Girasol Reignites My Foraging Fire

IMG_1480Marinated and grilled pork satay with caramelized onion puree,
California olive oil, grilled lemon and fennel pollen

The Cute Gardener and I enjoy seeking out and trying the food of Top Chef contestants whenever we get a chance. Not only are we avid fans of the show, we tend to come away each season with favorites like Paul Qui (whose food we have yet to taste) and Stefan Richter (whose food we tasted and liked but whose restaurant service was highly dissatisfactory). I liked CJ Jacobsen when he appeared on the show but not as much as others so when I saw us slated to dine at his Studio City restaurant Girasol recently, I was only mildly anticipating the meal. After all, the menu seemed rich with dishes I’ve seen an overabundance of lately on the California cuisine landscape. Was I wrong.

IMG_1483Rabbit rillettes with moist roasted carrot, root veggies, green almonds and sweet buckwheat tuile

What I learned very swiftly after receiving our first dish was that CJ’s artistry comes not so much in orchestrating the wildly creative entree or the ground-breaking and new appetizer, but in treating common dishes with such whimsy and foraging fervor that you are introduced to delightful flavor combinations and gleeful mouthfuls that you were not expecting in the least. Each plate was articulated in what is clearly the chef’s own voice—an earthy and casual simplicity built through completely complex and extraordinary ingredients found in the Angeles National Forest and our own backyards.

IMG_1481Dried fava bean puree with house chorizo, cherry tomato, parsley and grilled flatbread

Everyone who knows me knows how much I am fond of foragers. I constantly make the CG pull over whenever we encounter wild food along the road. It was very cool to see the fruits of Jacobsen’s own treks into the woods on our table such as a slight dusting of citrus yellow fennel pollen on succulent, light pork or the slivered, tart green almonds that spiked and livened our chunks of tender rabbit. A buckwheat tuile immediately had me wanting to think of other ways to use the slightly sweet ingredient in other applications back home like crepes, crusts and spreads. It didn’t surprise me to learn that CJ spent time working for one of my favorites—acclaimed Chef René Redzepi of Copenhagen’s Noma Restaurant—a hero in the soulful, foraging department.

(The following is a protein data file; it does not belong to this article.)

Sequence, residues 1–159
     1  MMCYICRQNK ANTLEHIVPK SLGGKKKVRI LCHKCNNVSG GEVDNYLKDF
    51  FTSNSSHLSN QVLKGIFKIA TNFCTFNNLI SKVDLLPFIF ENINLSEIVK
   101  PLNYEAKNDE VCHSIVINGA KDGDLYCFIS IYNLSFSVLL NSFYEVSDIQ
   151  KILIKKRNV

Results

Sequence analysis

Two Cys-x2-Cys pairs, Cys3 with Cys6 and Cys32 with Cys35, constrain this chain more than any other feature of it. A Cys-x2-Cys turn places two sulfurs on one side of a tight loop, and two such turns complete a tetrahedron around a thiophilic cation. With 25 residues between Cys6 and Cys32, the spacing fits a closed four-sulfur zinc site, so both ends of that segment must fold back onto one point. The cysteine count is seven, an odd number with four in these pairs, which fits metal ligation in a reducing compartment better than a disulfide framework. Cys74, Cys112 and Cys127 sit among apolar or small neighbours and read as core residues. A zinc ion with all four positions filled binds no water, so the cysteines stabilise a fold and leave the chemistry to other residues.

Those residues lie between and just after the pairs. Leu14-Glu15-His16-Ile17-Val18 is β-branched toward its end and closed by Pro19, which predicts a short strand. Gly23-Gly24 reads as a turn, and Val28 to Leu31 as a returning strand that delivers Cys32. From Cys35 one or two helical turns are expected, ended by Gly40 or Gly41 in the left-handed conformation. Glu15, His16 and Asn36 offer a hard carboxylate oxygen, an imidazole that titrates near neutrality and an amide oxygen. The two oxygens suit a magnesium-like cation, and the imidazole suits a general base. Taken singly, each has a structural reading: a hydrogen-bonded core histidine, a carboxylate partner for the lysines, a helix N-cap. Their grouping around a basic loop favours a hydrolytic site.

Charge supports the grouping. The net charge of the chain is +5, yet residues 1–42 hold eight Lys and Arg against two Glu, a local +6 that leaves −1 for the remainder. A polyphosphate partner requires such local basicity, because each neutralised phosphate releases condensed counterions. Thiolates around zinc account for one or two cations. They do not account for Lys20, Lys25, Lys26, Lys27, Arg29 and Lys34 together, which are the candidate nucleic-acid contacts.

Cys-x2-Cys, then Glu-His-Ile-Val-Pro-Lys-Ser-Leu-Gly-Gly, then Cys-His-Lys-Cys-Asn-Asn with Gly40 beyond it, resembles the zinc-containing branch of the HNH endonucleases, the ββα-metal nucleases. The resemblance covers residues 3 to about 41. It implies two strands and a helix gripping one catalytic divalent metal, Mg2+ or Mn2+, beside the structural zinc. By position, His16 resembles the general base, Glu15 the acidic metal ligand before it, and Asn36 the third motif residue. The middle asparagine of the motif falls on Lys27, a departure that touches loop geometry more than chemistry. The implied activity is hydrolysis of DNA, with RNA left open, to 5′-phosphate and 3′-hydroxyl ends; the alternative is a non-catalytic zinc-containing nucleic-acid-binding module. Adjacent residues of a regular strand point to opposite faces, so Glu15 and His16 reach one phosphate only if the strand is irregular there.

IMG_1482 Whole fried snapper, crispy greens, fermented Fresno chili,
sauce of kumquat, sorrel and citrus

A highlight of the evening was the whole fried snapper, which arrived with a curved tail as if plucked mid-swish from the lake. Atop a pile of bitter fried greens and alongside a mild sweet sauce, it was a refreshing departure from my fried fish oeuvre of late at Asian restaurants that seem to favor too hot sauces and heavy oils, all of which typically compete with the flakiness of the fish. I would order this one again.

IMG_8222Cute Gardener-grown arugula flowers

After dining at Girasol I spent a Saturday afternoon chomping on arugula flowers in our garden, suddenly seized with the propensity to look at every specimen as a potential ingredient. Much like the leaves, the flowers were peppery but had sweetness mingled with bitterness and smelled slightly like peanut butter.

IMG_8225 My kale, swiss chard, arugula flower, arugula, and mushroom salad with
walnut oil and foraged grapefruit vinaigrette.

That joyous discovery landed in our salad bowls later at dinnertime. CJ’s passion for finding in the field has definitely infected our household in the most positive of ways. It also made me realize that you can find new things constantly, even if you think you are looking in all of the same old places.


A Trifle Yummy, a Trifle Strange, and Tator Tots Aplenty at the Tripel

IMG_5612Sweet Potato Tots With Horseradish Honey Mustard & Spiced Aioli
The tator tot textures were imitated perfectly.